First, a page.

Saturday, November 17, 2012

Well, still no comments to my last post when I asked for readers to share stories and experiences about our journey as a school system.  This was actually the second request.  Perhaps I should let it go, but I am going to try and prime the pump by sharing what for me is a decision that has had a lasting influence on who we are.  Who knows, maybe the faucet will open and readers will share stories of their own.  My request continues by again asking you to consider responding to the following.

Which of these initiatives, interactions, and decisions have had a significant and lasting impact on the culture of our school system? Many of us believe that Tahoma is a great place for kids and for the adults that work with and for them. Why do we believe that? What do we do or not do that may be different than other systems? What story can you tell that helps define who we are, what drives our behavior, and who we aspire to be? 

There are many stories I could tell related to our work with the leadership of both TEA and PSE, but I believe that the decision to align our stated belief in collaboration with contract language was one of those times.  Many of us talk about the importance of collaboration in our work and the need for staff to have the opportunity to influence critical decisions at the building and department level, but it often does not result in consistent behavior that demonstrates this belief over time.

I can remember many years ago deciding that to move forward we must find ways for staff to see that collaboration is more than just words, it is a core belief, the foundation of our work.  When I first began to work with district bargainers and the administrative team on consensus decision making and then made the decision to embed this process into both negotiated agreements, it was not supported by all administrators.  The parking lot conversations were not positive and some were wondering if I was crazy.  I can imagine there were those thinking he isn't ready or doesn't have what it takes to be a superintendent.  Principals and department supervisors were forced to give up much autonomy and power and found themselves needing to facilitate the very conversations that resulted in the need to share.  The language below changed their world in a short period of time.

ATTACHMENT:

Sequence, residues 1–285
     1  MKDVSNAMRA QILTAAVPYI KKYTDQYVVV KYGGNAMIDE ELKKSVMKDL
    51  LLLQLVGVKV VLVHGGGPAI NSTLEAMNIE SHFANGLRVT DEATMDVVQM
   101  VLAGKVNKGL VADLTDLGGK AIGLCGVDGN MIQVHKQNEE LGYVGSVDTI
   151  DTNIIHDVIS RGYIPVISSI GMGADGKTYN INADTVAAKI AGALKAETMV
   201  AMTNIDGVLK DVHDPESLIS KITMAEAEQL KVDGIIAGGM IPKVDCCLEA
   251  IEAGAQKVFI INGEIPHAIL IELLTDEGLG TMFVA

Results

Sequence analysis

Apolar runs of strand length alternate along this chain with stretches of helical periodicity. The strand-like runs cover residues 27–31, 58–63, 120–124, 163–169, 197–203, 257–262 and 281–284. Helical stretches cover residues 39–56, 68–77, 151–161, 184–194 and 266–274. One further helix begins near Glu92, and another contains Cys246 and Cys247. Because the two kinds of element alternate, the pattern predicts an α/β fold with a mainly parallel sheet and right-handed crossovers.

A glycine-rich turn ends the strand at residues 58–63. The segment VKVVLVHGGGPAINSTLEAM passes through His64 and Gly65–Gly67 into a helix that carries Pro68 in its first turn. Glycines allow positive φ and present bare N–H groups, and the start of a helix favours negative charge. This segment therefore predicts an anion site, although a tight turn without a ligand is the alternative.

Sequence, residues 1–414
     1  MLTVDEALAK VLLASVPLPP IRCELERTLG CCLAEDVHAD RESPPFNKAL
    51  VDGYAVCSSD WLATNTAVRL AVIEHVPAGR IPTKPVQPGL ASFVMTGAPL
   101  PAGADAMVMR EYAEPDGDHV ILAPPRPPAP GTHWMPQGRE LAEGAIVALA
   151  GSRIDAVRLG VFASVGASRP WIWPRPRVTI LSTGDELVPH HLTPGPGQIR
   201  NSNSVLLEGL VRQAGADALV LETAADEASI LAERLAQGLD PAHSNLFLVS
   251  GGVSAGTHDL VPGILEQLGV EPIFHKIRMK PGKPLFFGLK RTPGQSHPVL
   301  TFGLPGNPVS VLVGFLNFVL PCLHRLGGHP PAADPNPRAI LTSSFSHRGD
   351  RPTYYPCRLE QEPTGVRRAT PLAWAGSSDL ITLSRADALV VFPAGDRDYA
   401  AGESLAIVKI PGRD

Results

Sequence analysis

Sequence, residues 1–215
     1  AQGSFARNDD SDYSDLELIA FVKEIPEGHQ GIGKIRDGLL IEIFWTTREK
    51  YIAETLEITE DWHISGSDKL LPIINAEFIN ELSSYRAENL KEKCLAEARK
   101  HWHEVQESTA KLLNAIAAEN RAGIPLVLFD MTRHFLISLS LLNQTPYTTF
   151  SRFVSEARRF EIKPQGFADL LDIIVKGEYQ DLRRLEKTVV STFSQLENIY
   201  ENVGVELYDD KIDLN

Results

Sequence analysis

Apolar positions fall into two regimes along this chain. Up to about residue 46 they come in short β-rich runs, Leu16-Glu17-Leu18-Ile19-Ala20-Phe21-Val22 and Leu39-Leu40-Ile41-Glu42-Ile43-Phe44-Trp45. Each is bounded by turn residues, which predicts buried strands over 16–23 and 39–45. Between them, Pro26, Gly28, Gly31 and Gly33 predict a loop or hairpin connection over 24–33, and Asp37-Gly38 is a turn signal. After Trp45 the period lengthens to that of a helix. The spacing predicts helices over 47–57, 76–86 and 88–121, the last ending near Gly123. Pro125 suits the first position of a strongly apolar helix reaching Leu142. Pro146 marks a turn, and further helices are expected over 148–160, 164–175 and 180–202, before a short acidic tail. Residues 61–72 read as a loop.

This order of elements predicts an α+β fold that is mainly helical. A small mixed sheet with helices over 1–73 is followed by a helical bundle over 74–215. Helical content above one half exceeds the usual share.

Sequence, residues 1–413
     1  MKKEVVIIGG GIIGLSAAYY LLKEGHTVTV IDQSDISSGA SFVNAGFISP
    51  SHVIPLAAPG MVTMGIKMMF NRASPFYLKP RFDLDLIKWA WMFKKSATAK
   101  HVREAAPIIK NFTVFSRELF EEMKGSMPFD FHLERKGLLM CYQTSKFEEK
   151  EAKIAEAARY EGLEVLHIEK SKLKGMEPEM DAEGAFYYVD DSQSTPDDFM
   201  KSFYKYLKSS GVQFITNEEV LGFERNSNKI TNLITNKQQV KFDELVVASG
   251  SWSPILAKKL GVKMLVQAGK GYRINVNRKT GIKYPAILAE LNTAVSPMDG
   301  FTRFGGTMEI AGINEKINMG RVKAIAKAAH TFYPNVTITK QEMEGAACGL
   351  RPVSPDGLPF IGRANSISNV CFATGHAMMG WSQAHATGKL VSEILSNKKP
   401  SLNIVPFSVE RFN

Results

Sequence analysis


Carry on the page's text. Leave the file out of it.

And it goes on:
I don't believe that there are many bargaining units that have had the experience of district bargainers recommending an article on consensus and the subsequent language where our shared values are articulated. Is it working?  How do principals and supervisors feel today, especially those that were here when the language was first negotiated?  How is it working for teachers and classified staff?  I  believe that the decision to negotiate this language was a critical fork in the road on our journey, one that continues to influence who we are and how we respond to the issues that emerge as we move forward on this sometimes rocky path.

Does this example help you think of others at the system, building , or department level that contribute to the cultures in our system?  If not, I'll live by the three strikes rule and let this be my last request on this topic.

1 comment:

Katherine said...

As someone who is new to the district I would definitely say that Tahoma is different than other districts.

I attended a neighboring district in the 90's and early 2000's and the vibe there was completely different. At the high school I attended I felt like everything was about the WASL - and I graduated in 2007, before passing was a requirement for graduation - once we passed it didn't seem like they cared about us anymore. I don't get that feeling here. From what I've seen the teachers here are passionate and invested in their students and I think the students feel that.

I went to school in a good district, I was well educated and ready for college. However, as I've talked to students, teachers and staff members and continued to learn more about Tahoma and observed the community here I've found myself saying, "I wish I went to school here!" more than once.